Norwegian: Mange tenker at billig mat er halvfabrikat og usunt.

  • raumar

    Senior Member
    Norwegian
    That's a good question! It is possible, in some cases, to use the neuter form of adjectives even though the noun isn't neuter, usually when you describe food as good, healthy, unhealthy etc. See:
    2 Ny grammatikk - NTNU

    But "Billig mat er usunn" is also correct, and would work just as well in this sentence.

    By the way, the use of "tenker" in this sentence is traditionally seen as incorrect, but it has become widespread -- probably because of influence from English. I would prefer "tror", "synes" or "mener", depending on the context. See:
    Å tenke i tide og utide

    I was also surprised to see "halvfabrikat". I don't think I have ever seen this form of the word before, only "halvfabrikata". But when I checked my dictionary, I found that "halvfabrikata" is the plural definite form of this noun, while "halvfabrikata is plural indefinite.
     

    vidar

    Member
    English - England
    Just for clarity - the sentence was an example from a news article on VG. Maybe it's 'paper speak'?
     

    raumar

    Senior Member
    Norwegian
    No. I don't think it's "paper speak". I found the article here, on TV2's website:
    Marie (25) og samboeren bruker til sammen 2000 kroner på mat i måneden

    Did you mean that "tenker" was "paper speak"? This use of "tenker" has spread far beyond newspapers. In this case I would have used "tror" (as in the next paragraph), because the author means to say that many people (incorrectly) believe that cheap food is unhealthy.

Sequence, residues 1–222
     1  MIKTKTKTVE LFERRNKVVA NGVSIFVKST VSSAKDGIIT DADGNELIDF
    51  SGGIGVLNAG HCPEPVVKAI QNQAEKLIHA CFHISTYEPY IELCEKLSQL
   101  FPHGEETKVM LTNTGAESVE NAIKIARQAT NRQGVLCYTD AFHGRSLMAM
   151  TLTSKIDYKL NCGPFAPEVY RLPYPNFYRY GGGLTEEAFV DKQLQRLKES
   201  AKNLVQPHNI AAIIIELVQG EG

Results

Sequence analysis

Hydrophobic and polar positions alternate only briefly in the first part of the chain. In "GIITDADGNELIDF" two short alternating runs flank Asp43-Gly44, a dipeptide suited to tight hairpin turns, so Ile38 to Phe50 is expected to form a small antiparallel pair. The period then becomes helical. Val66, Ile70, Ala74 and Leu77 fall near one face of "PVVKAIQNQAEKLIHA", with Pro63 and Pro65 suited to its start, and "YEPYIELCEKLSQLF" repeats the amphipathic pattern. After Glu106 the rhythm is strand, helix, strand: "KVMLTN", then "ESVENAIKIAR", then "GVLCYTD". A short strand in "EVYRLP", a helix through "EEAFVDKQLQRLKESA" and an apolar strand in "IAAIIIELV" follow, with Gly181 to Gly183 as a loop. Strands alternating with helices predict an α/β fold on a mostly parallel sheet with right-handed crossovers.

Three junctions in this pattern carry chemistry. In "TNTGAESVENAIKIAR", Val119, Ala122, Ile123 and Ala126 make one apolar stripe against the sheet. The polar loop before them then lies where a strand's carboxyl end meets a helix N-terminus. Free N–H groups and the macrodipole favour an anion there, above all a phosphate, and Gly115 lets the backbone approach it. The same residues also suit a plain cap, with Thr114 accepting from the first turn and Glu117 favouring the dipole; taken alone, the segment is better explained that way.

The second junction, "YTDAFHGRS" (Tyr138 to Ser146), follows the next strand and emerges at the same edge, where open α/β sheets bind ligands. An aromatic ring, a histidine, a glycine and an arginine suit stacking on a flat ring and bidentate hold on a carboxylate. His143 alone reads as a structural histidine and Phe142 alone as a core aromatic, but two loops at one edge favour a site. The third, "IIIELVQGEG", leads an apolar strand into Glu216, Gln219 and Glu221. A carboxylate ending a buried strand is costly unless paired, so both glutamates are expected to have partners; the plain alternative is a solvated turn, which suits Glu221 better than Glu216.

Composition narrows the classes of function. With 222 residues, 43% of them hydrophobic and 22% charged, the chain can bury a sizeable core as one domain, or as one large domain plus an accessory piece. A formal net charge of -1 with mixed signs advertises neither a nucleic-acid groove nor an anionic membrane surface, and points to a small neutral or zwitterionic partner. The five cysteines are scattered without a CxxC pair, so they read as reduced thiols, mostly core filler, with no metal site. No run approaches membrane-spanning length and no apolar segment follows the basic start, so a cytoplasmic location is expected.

Regarding the use of "halvfabrikat" , this might come from the person who is interviewed. She has a master's degree in public health science, so it may be professional jargon. I think most people would say "halvfabrikata", regardless of what the dictionary says. As winenous has shown, the other forms exist, but I have never seen them before.
     

    raumar

    Senior Member
    Norwegian
    That's interesting. Yes, "Billig fisk er god" looks OK to me, but I would certainly not accept "Solformørkelse er fin", or "Ørret er god". In these cases it has to be the neuter form.

    So, why do I feel that "Billig fisk er god" is OK? I don't know the grammar here, but "Billig fisk smaker god" does not work at all -- here it has to be "godt". I think I see "Billig fisk er god" as parallel to "All mat er god" (as my mother used to tell me, when I was a child and did not like the food). Or maybe "Billig fisk er god" is a short version of "Billig fisk er god fisk".

    By the way, we have discussed some of these issues before:
    Norwegian: adjectives after unquantifiable nouns
     

    winenous

    Senior Member
    English - British
    Isn't "Billig fisk smaker godt" different to all the other examples, because in this context "godt" is an adverb?

    At a more serious grammatical level, it seems that gender shifts between mass and countable nouns occur in a number of languages. In Norwegian the obvious example that still exists is the word øl.

    I wonder if the use of neuter adjectives in the cases noted here are some sort of hangover of old gender changes, with the usage still not totally consistent.

    (Happy to be shot down on that speculation. My shallow knowledge on the subject comes from Mr Google, and this search hit:
    Nominal Classification
     

    raumar

    Senior Member
    Norwegian
    because in this context "godt" is an adverb
    Of course! I should learn to think before I write. Again thanks for the correction!

    I wonder if the use of neuter adjectives in the cases noted here are some sort of hangover of old gender changes, with the usage still not totally consistent.
    Well, someone who knows more about the history of the Norwegian language should answer this. But I doubt that this is the case, because you see it for all kinds of masculine and feminine nouns.
     
    < Previous | Next >
    Top